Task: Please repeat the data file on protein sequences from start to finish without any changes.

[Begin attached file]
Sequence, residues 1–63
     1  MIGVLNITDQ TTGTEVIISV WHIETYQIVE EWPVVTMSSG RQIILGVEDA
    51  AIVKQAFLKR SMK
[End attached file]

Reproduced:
Sequence, residues 1–63
     1  MIGVLNITDQ TTGTEVIISV WHIETYQIVE EWPVVTMSSG RQIILGVEDA
    51  AIVKQAFLKR SMK